Hilton Hotels Corp. will launch its first television advertising campaign in more than 10 years when it rolls out new spots on Jan. 15, the marketer said. Y&R, which won the $40 million account last July, has developed four spots for the hotel chain which will air on CSI, Boston Legal, Desperate Housewives among others and on cable as well. The campaign will boast a new, un-sexy but very informative and practical headline, "Travel should take you places.
Perhaps unable to afford overpriced super models or, as the company chooses to explain it, handbag maker SAK along artist Sloane Tanen will borrow from Tannen's work and use chicks (the bird kind, you lech!) in its upcoming ad campaign. Beginning in March, ads will appear in Lucky, InStyle, Marie Claire, Glamour and Teen Vogue.
Taking over for Nicole Ritchie and DJ AM, the cast of MTV's Laguna Beach will be featured in the Spring 2006 ad campaign for fashion label Bongo. Cast members Alex Murrel, Jason Wahler, Lauren Conrad, Stephan Colletti, Kristin Cavallari and Tallan Torriero will begin appearing in print ads in Seventeen, Teen People, Us Weekly, Star and Teen Vogue among others. Online will accompany print.
Dari Marder, Creative Director, BONGO, explains the campaign, "The Bongo demographic is the MTV viewer, so we could not think of a better way to reach our consumer. The concept behind the campaign is a party. So we rented an amazing mansion on PCH in Santa Monica, hired an Orange County band, 'The Colour' and let the gang do what came naturally. Alex, Jason, Lauren, Stephan, Kristin and Tallan had a blast on set and it comes through in the campaign. Alex who has an album coming out this spring got on stage with the band and sang, while the boys got a little carried away by pushing each other in the pool."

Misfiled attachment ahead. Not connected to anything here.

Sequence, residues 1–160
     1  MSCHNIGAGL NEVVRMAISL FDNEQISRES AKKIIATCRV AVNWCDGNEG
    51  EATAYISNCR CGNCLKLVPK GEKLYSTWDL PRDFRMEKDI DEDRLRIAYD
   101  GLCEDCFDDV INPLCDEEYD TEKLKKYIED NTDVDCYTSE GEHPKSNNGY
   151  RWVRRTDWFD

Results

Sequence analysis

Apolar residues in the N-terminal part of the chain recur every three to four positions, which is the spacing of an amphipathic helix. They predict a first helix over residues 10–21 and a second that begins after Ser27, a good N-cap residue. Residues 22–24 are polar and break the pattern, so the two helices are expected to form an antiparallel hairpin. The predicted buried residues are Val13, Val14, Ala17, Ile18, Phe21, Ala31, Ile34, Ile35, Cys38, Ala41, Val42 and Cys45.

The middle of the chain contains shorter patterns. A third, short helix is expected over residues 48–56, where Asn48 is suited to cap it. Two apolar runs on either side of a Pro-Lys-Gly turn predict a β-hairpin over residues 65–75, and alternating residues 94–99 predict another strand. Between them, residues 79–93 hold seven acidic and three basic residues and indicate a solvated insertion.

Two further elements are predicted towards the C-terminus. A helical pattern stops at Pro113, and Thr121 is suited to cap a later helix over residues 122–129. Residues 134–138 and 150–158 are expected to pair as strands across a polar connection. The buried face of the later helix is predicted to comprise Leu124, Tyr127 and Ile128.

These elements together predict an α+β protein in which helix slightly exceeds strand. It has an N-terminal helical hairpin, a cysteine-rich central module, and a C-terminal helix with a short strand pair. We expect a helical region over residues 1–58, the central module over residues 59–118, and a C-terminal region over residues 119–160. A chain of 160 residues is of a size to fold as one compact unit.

Surely, you've already seen the new AT&T/SBC campaign at least 300 times on TV. You know, it's the one in which the world looks like it's being attacked by two luminous alien vehicles. Well, that campaign, with $500 million behind it, is about to take over the Internet. AT&T isn't saying what percent of the $500 million will be allocated to the Internet but, beginning Monday, January 9, they do plan to reach 137.8 million unique monthly user, nearly half of everyone who goes online in a given month. So be prepared for banners, banners and more banners everywhere along with page takeovers, interstitials, sliders, dog ears, video ad units and all manner of online creative. We wonder if they've heard of these things called blogs. Apparently, they have.
Created by Goodby-Silverstein and GREY Direct, Adobe will, on January 9, launch a new online campaign called "Faces of InDesign" to promote the company's Creative Suite 2 which launched earlier this year with the tagline, "Everything but the idea." The campaign will feature the images and personal stories of designers, art directors and ad execs as they go through their day using Adobe products. One of the creative elements in the campaign can be seen here.
Nabbing $4 million for her efforts, actress Scarlett Johansson will appear in L'Oreal's celebrity-focused ad campaign joining Eva Longoria, Mila Jovovich Andie MacDowell and Beyonce Knowles. Johansson's previous celebu-campaign appearances include Calvin Klein and Louis Vuitton. Reportedly, Johansson will appear in ads displaying a range of L'Oreal-enhanced hair colors.